-------------
To find work these days, I look all over the internet for job ads, forum job posts. Most of the main 3d forums have a job forum, but I have been contacted out of the blue as well.

It´s good to be active in the community either by posting answers, posting works so other people can see, coolab in non-payed projects, making tutorials, giving away free stuff. All of this adds in someway for people knowing who you are, what you do and then the mouth-to-mouth marketing happens that way.





read 1082 times
9/18/2011 7:18:38 PM (last edit: 9/18/2011 7:19:21 PM)
show user profile  IBENEZ21
Brazz,

Thanks for sharing your experience... It's good to know what I am getting myself into. : )

I don't have any experience working in a studio environment, been doing mechanical cad work in an engineering environment (not as much fun). I don't know if that helps or hurts.

I'll have to take a look at some forums... if I can pull myself away from this one!

Have you had any luck with sites like Elance, or freelancer.com?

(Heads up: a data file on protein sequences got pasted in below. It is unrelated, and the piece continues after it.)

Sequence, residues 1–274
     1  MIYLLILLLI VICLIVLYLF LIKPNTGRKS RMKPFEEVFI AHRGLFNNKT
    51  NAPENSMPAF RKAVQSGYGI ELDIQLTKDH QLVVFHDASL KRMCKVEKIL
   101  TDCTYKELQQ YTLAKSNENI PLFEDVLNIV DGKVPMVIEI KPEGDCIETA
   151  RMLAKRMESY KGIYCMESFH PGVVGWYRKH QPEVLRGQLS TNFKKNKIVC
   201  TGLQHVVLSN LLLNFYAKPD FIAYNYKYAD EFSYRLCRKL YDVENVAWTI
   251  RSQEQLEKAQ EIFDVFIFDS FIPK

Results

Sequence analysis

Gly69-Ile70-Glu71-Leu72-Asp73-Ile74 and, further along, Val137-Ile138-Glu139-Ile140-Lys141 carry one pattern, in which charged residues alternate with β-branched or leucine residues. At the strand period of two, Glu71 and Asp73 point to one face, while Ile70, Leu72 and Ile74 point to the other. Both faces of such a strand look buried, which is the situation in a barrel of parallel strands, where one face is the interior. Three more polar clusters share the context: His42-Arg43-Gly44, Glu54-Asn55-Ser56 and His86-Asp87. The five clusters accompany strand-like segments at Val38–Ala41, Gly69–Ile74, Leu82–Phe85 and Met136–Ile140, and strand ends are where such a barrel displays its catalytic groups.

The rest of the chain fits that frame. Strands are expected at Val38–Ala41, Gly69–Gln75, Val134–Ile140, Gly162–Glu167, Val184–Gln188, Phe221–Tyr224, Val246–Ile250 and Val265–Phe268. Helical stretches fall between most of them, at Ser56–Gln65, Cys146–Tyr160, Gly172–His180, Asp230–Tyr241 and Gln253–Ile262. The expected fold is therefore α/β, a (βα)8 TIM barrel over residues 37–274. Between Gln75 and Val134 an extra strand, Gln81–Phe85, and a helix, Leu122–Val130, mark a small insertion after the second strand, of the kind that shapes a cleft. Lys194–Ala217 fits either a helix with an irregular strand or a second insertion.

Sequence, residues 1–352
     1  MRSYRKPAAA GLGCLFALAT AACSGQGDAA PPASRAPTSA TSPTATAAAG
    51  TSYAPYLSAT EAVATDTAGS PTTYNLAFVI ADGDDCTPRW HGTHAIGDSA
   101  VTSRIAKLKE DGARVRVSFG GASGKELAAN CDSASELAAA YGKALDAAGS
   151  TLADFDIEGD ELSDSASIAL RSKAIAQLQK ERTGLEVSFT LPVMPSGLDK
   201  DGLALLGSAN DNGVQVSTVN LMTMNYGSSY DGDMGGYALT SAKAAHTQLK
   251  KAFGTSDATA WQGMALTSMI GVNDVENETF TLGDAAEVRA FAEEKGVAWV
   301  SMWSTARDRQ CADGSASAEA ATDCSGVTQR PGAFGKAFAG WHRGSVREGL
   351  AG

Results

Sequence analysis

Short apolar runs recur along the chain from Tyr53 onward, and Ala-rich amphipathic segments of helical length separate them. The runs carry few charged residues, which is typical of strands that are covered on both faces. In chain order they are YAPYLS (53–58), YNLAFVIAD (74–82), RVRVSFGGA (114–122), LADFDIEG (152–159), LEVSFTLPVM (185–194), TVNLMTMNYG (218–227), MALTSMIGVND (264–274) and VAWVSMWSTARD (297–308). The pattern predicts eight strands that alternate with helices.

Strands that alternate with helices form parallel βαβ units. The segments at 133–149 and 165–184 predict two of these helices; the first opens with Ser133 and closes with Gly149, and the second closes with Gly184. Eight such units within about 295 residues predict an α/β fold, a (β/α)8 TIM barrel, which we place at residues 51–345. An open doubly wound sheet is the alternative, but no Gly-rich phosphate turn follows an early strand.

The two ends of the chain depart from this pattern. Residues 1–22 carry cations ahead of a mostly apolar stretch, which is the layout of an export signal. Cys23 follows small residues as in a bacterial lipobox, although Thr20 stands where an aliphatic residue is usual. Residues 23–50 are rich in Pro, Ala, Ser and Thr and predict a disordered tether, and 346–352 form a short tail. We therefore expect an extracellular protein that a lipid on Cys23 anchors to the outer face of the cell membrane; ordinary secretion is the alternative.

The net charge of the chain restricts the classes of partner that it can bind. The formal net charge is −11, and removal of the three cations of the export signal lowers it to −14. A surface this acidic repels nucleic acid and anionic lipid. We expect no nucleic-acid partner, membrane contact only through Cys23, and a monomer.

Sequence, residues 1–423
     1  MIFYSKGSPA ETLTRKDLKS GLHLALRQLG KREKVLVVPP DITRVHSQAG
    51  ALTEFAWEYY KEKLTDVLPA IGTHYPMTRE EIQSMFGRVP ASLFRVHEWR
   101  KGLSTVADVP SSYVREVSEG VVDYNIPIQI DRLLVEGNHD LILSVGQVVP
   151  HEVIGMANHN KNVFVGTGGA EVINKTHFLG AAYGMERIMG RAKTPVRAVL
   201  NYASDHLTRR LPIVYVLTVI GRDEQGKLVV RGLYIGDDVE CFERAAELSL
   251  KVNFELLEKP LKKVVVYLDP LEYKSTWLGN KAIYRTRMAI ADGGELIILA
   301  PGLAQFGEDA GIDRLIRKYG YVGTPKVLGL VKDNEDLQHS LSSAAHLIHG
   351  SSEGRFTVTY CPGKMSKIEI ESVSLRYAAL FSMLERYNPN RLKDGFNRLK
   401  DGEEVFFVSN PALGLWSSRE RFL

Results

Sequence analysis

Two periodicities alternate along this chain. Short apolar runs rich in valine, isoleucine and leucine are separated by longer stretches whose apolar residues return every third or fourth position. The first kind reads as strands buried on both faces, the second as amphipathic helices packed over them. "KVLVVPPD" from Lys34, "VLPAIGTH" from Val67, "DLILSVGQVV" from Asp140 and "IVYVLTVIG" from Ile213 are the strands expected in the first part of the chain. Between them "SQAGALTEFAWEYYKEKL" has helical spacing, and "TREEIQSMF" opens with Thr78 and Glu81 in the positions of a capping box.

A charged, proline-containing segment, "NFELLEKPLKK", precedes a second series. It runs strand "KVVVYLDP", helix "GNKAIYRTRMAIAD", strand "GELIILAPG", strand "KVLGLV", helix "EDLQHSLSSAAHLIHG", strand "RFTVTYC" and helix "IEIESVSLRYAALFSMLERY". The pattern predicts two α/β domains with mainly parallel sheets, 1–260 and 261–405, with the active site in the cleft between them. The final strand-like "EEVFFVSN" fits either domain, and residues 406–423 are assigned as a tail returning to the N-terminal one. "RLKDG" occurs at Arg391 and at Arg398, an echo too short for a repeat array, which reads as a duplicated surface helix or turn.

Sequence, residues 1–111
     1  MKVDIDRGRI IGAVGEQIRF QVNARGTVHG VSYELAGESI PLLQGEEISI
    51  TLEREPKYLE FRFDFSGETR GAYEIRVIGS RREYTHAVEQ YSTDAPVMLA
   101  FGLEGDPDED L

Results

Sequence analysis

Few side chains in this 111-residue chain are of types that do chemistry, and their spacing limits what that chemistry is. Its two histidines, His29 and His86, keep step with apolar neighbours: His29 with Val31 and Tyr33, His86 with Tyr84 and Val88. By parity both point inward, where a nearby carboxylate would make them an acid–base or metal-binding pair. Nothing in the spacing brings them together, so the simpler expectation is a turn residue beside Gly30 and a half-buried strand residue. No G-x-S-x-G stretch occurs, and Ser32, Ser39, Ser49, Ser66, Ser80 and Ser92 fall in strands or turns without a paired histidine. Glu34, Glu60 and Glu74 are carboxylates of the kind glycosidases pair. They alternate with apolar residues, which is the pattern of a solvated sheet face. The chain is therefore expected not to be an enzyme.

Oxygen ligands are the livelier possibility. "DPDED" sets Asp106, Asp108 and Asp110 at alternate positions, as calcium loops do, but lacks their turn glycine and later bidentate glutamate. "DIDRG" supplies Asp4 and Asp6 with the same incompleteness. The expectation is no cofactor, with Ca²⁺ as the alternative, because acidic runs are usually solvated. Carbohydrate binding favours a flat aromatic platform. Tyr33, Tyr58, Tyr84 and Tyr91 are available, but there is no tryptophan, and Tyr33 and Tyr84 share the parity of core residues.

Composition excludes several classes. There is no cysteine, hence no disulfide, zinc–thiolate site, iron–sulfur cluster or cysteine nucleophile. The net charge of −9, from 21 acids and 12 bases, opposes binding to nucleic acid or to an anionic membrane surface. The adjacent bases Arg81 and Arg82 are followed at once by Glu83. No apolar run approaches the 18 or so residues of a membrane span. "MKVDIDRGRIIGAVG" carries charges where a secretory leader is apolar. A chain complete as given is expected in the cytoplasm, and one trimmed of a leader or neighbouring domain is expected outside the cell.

Photobucket

http://www.thunderhead3d.com

read 1065 times
9/18/2011 8:16:36 PM (last edit: 9/18/2011 8:16:36 PM)
show user profile  jareu
As brazz said, Its the lack of collaboration that you're going to have to make up for. Clients will assume that you know exactly what they want by some supernatural means and then when you give them a product, they will want it changed. The best way to safeguard against this is to write up a small, simple contract explaining that any additional time spent on alterations will mean extra charges. Once they have explained to you what they want, put it all down into a small presentation, meet them somewhere or if you can't, knock up a little letter in msWord. Explain back to them what you understand that they want and if they agree, have them sign the document. This will save you ALOT of pain.

That said, market yourself as best as you can.